I’d like to introduce you to my latest project XMPP-FTW. The name is a (hopefully) clever play on “For The Win” (FTW) but actually I call it “XMPP For The Web”.
Essentially XMPP-FTW tries to make XMPP in the browser as quick and painless as many of the other solutions for realtime web by translating XML to JSON and back and using named events to help fill in the missing pieces.
The project is open source and the code is available on github at XMPP-FTW source code, you can also view the manual or play with a demo on XMPP-FTW website.
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As of this evening it is now possible to have Github post to a buddycloud channel when a push is made to a repository. This allows you to get (amost) real-time repository change information in your buddycloud channels.
I’ve talked about work I’ve done with buddycloud before, but briefly buddycloud is an exciting new federated social network built upon open-source and open-standards. The buddycloud team has recently come back from San Francisco where they were involved with Mozilla’s WebFWD programme getting some great mentoring and guidance from luminaries in their fields. I don’t think I need to really introduce github, they are awesome too :)
If you’re not aware of them github has a set of service hooks that as a repository owner/admin you can utilise in order to push event information (be it commits, pushes, pull requests, branching, etc) to a 3rd party service. There’s a whole set of these services that you can already push to from Jenkins CI right through to Yammer, and now buddycloud!
If you have a service that you’d like to push event information to then github make the code available. All you have to do is fork the service-services repository, knock up some ruby code and submit a pull request. Once it’s been accepted you can then setup github to push information to your favourite information system each time something happens to your repository.
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What is the RaspberryPi?
Raspberry Pi image from wikipedia – http://en.wikipedia.org/wiki/Raspberry_Pi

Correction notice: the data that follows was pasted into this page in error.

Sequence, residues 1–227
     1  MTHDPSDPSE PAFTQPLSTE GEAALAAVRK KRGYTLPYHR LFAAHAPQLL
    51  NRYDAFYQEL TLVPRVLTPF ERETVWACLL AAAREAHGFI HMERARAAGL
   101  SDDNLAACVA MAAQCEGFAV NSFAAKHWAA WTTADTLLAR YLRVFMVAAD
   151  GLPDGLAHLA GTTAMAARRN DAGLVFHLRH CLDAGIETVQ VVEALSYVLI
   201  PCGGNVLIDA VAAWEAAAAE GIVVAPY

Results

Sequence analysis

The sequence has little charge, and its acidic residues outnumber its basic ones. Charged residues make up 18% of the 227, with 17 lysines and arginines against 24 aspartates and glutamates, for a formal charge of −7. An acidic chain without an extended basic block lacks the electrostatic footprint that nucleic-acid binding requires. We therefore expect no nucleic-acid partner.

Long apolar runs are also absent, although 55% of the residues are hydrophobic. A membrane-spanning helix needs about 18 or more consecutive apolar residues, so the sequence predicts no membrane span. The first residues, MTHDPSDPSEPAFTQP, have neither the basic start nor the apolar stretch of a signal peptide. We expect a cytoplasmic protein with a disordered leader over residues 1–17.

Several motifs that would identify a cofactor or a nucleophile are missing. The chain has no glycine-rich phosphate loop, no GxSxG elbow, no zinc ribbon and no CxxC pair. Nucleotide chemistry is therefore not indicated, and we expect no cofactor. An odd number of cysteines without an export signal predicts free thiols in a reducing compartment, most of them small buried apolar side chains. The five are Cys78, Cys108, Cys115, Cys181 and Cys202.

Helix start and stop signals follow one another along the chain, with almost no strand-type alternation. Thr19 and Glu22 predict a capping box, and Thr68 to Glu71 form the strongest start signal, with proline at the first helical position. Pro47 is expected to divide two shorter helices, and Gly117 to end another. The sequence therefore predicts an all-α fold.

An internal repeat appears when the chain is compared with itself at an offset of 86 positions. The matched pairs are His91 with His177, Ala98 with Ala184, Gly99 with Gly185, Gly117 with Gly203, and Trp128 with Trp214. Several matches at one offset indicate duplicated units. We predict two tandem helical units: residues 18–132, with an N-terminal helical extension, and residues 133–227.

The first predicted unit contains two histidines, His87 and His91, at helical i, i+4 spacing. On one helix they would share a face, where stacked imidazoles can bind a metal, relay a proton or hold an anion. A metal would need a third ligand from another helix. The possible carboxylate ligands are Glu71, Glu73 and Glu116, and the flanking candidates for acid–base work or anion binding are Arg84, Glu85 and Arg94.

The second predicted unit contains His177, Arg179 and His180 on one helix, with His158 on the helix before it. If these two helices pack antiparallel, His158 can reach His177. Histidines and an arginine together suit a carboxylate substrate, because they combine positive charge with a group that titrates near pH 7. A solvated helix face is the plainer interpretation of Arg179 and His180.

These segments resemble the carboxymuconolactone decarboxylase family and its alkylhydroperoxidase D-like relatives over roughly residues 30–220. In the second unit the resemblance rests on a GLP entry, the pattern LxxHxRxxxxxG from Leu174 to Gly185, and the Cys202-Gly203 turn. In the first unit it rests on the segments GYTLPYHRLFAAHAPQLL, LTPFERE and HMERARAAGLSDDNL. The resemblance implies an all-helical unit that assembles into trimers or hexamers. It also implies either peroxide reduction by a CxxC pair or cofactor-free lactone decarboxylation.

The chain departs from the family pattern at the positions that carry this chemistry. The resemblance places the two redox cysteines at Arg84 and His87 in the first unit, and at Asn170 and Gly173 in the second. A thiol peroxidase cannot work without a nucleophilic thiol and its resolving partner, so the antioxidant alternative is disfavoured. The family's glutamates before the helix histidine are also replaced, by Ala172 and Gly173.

The Raspberry Pi is a small (credit card) sized computer which costs around the £25 mark. Originally envisioned to help bring back proper IT skills to schools (rather than just how to use Microsoft Office suite and alike), just like when children of the 70’s – 90’s were growing up (I just caught the tail end of it).
The ability to not only see the hardware but to mess around with the software running it without fear of breaking it. I learned many of my computer skills from continually breaking my father’s beloved PCs as a child and then hurriedly fixing them before he found out, I’m sure if I tried I could still even run off some MSCDEX lines :)
These little devices, since launch, have been near impossible to get hold of on a short timescale for they have been gobbled up by the developer community and those who remember playing with computers in the long distant past. There is a huge number of projects coming out using this little board and, more importantly, there’s even 8-year old kids generating their own programs (read: games) using it.
My first board is used to run a media server using xbian but one of the projects I was really looking forward to was running the software for an open source project I help out on (professionally and personally) and get my own open-federated social network running from the depths of my basement (more on that below).
For more information please see: Raspberry Pi – About Us